Reviews

  • "The best introduction to this most exciting and visceral period of British architecture – a learned and passionate book."

    Simon Bradley, author of The Railways
  • "Part history, part aesthetic autobiography, wholly engaging and liable to convince those procrastinators sitting (uncomfortably) on the concrete fence."

    Jonathan Meades
  • "A compelling and evocative read, one that is meticulously researched, and filled with insight and passion. Through Barnabas Calder’s personal narrative we gain a deep understanding and appreciation of a tough subject."

    Kate Goodwin, Head of Architecture, Royal Academy of Arts
  • "A fascinating odyssey through Britain's Brutalist landscape. The journey is sometimes breathtaking, but always insightful and informed. By its end, we understand the complexity, skill, and vision, as well as the politics, that created the buildings he explores in such loving detail."

    Elizabeth Darling, author of Re-Forming Britain
  • "Barnabas Calder is a self-outed lover of concrete, a man who doesn’t visit buildings but makes “pilgrimages”. He holds back on neither his praise for the objects of his passion, nor his wrath against those who threaten them. Buy this excellent book, read it and go out and hug your nearest lofty edifice in concrete and glass!"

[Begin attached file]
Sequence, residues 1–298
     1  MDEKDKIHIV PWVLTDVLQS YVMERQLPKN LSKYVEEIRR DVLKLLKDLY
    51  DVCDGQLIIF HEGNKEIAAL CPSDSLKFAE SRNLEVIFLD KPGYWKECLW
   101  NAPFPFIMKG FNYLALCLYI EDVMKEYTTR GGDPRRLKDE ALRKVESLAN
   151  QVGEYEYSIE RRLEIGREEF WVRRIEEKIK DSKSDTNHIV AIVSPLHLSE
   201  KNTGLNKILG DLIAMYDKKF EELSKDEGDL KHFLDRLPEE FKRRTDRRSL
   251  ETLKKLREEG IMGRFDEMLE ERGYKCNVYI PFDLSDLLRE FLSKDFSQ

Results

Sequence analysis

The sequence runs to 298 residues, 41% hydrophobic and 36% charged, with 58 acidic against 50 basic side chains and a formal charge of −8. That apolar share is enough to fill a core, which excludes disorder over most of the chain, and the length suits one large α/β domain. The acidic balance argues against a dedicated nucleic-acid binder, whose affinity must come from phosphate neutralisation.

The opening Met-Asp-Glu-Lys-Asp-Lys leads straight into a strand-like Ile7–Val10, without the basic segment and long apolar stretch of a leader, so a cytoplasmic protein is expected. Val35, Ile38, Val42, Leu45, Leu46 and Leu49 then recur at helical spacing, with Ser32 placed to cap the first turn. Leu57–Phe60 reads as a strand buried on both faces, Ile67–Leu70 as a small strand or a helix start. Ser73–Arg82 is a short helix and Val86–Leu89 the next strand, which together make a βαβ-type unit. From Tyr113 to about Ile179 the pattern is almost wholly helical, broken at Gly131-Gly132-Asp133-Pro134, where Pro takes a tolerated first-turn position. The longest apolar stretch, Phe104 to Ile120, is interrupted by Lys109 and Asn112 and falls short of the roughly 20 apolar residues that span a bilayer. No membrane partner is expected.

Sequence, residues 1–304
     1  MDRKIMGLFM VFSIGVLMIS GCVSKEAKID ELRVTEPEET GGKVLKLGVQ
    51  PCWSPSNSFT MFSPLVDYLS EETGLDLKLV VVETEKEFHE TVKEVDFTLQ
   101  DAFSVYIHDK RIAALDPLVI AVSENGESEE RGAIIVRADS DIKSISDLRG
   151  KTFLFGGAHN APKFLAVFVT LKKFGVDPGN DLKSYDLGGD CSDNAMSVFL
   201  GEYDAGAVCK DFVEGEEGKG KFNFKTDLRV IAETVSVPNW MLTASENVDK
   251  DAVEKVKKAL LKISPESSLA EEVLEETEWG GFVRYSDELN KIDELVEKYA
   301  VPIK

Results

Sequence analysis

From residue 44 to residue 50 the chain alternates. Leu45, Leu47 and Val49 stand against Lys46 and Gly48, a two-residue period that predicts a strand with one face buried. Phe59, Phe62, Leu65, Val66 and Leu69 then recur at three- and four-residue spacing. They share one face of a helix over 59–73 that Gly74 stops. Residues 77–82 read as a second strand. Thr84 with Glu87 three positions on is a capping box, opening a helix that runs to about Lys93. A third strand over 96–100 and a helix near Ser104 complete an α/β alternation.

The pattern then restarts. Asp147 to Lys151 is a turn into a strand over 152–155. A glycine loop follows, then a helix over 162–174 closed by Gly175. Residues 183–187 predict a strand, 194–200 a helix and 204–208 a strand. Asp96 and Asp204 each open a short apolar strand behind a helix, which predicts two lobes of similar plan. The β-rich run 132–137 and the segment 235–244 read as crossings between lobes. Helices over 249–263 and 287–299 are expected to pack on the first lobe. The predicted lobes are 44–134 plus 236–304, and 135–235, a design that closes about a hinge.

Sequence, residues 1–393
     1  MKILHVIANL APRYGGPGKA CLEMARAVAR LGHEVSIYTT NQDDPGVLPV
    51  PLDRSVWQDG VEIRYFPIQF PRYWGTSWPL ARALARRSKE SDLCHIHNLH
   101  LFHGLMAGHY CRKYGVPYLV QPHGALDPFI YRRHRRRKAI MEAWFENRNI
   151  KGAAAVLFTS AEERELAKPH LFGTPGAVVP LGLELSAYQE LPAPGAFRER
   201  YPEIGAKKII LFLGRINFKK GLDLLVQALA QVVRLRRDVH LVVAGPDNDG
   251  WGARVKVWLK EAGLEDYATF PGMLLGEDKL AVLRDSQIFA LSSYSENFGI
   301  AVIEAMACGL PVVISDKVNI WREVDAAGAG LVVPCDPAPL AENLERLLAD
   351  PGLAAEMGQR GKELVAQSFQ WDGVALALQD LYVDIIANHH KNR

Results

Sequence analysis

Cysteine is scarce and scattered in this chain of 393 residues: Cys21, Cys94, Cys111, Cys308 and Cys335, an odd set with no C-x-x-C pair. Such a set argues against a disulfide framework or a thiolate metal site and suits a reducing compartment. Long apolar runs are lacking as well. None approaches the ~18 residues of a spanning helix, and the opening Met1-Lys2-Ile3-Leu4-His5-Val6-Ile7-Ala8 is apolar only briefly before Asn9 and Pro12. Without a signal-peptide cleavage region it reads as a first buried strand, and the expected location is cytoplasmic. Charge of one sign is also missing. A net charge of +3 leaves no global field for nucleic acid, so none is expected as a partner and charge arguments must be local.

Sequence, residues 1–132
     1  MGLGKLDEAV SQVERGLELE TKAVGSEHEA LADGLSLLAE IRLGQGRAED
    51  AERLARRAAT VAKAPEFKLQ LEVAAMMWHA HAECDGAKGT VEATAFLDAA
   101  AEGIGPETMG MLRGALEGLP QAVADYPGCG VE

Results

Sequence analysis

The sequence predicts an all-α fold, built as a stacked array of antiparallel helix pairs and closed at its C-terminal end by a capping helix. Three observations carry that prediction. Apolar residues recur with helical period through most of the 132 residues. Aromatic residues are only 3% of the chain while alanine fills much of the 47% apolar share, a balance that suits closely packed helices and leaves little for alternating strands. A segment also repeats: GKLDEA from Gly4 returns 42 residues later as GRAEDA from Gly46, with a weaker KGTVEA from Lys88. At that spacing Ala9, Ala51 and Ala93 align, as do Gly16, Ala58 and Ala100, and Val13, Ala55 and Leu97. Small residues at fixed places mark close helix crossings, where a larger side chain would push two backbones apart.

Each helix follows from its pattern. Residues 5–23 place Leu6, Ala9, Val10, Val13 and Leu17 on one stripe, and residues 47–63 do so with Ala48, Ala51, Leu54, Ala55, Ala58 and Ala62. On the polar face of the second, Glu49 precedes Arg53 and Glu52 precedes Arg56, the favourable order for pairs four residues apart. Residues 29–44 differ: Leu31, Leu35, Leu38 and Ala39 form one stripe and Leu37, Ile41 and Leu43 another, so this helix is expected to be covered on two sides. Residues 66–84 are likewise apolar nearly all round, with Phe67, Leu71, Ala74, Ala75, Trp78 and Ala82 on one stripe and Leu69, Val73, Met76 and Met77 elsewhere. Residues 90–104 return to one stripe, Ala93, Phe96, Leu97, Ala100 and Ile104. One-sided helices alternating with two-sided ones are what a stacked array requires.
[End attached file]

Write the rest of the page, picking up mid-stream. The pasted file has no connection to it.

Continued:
Neil Baxter, The Royal Incorporation of Architects in Scotland
  • "This engrossing book by a fellow self-confessed concrete lover is both a witty travelogue and memoir and the clear-sighted history of Brutalist buildings. Barnabas Calder relishes the craftsmanship, the financial back stories, and the aims and ambitions of a diverse generation of architects, whose works deserve our sympathy."

    Catherine Croft, Director, Twentieth Century Society
  • "This celebration of all things concrete will please both its aficionados and those who find it hard to love … Calder’s distinctive approach is a combination of scholarliness with personal association … An engaging and accessible guide for those drawn towards these ex-monstrosities."

    Observer
  • "It’s not a history book … It’s chatty, anecdotal and thoroughly entertaining … My advice? Read the book, load up your mobile with some rock ‘n’ roll and Calder’s online photos, and go hug some concrete."

    Times Higher Education
  • "Calder provides the ideal eye-opening introduction for the curious general reader. It deserves a large audience … This is a charmingly personal book, authoritatively knowledgeable and spikily argumentative."

    Literary Review
  • "Calder wants to make an argument about the greatness of Brutalism as an architectural style. He writes beautifully."

    Owen Hatherley, London Review of Books